Abstract painting of white and blue and white words, like "no suh" and "rinso" and "everlast," and outlined figures, one of which in the top right has red gums and yellow teeth, all painted on a black background.
“Untitled (Rinso),” acrylic and oil stick on canvas with wood supports, photographed by Janyce Denise Glasper.

Basquiat does not censor his intentions. He is an artist keenly aware of his worth and uses that advantageous knowledge to advocate for himself and others. The anger-filled “Untitled (Rinso),” an acrylic and oil stick painting, on a stark black background, criticizes the industrial complex and capitalism by using the first mass marketed laundry soap in America—Rinso— “the greatest development in soap history.” Capitalized words take up most of this composition with the slave lingo “no suh” repeated under his trademark crown. A figure lifts up a weight and on the other side spells “Everlast”— a popular brand of boxing gloves. The words “sapphire” and “kingfish” are crossed out.

In a recreation of Basquiat’s IDEAL studio, his paints and oil pastels are neat next to a ceramic bowl filled with Marlboro cigarettes and a bottle of red wine. Stacked books include titles on “Egyptian Painting” and “Black Hollywood.” “Scarface,” “It’s A Wonderful Life”, “Amadeus,” and many other VHS tapes surround an old Sony television/VCR. His signature olive green jacket is hooked to the wall. A projection of him painting plays in the corner. For a moment, it certainly seems he would turn around, smile, and share the abstract poetry he spoke to you at the entrance to this exhibit.

The grand finale put me in more awe than I imagined possible. I was in the company of two monumental murals originally installed at the former Palladium nightclub’s Michael Todd Room, a VIP lounge. “Nu-Nile,” a forty-foot acrylic and oil stick work, consists of several panels with the dreamiest cinematic red tying them together. Once your eyes enter into this impressive composition, you’re actively engaged into deciphering meanings behind Basquiat’s inventiveness: exploding heads, earths, crowns, ebony black heads and ebony black figures, and copyrights/trademarks of words “petrol,” “oil,” and “notary.” In the mixed media collage, “Untitled (Palladium),” a yellow, red, and green dragon head charges forward over top Xeroxed drawings— all containing a fascinating head. In my many glorious minutes spent in its presence, my touched eyes performed the interactions my hands longed to. I found myself immersed in his intentionally struck out word lists, the bold contours and shapes (especially with teeth) in his profiled faces, and the wrinkled folds caused by adhered papers.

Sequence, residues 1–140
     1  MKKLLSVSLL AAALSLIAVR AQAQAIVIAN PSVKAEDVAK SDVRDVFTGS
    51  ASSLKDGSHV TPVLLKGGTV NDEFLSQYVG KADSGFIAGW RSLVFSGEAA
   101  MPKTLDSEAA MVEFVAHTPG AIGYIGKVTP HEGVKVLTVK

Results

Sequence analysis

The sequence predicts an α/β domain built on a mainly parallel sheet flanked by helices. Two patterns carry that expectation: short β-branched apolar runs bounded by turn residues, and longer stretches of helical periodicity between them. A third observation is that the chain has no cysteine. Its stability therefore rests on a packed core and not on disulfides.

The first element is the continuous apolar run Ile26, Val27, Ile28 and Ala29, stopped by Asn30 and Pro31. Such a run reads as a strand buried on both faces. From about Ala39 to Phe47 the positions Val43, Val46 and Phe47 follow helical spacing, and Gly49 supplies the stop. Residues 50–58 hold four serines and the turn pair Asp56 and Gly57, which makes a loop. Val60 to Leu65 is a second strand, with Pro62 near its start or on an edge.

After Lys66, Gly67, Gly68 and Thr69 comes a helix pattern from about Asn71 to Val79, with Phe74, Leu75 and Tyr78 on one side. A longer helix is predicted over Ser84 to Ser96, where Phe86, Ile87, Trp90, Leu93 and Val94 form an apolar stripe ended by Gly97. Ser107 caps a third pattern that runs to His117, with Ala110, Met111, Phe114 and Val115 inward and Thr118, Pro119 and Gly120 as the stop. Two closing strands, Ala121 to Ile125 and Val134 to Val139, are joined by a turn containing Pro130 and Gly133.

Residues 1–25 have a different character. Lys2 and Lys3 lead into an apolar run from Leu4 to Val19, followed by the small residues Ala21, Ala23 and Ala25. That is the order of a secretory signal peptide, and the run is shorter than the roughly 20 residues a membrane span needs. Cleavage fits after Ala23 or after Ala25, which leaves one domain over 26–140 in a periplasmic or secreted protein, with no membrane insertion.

Installation view of a large abstract painting on a gallery wall, with a primarily red and black background ,with abstract figures painted in black, and other imagery like a globe, a crown, an egg, and painting marks over other areas.
“Nu-Nile,” acrylic and oil stick on canvas, 1985, photographed by Janyce Denise Glasper.

The strong, meaningful King Pleasure honors Jean-Michel Basquiat’s undeniable genius. Those who knew him best tell us that he was a brother, a son, a friend, forever missed. This is the chance to learn about the man put on the pedestal of Black art. Expect to be moved by his rarely seen art and writings, his travel to Africa, his DJ/ clubbing days with Grace Jones and the late Keith Haring, and the way the young nieces he never met vow to keep his legacy alive. Basquiat loved art in all forms and challenged the gatekeepers. To this day, he still inspires generations of artists to bravely take up the space they deserve.

King Pleasure,’ extended through September 3, 2022, is a timed exhibition located at the Starrett-Lehigh Building, 601 W. 26th Avenue, New York, New York 10001. Entrance is on W. 27th Street. Tickets can be purchased here. Hours are Monday and Tuesday 11am-6pm, Wednesday and Thursday 11am-7pm, and Friday through Sunday, 10am-8pm.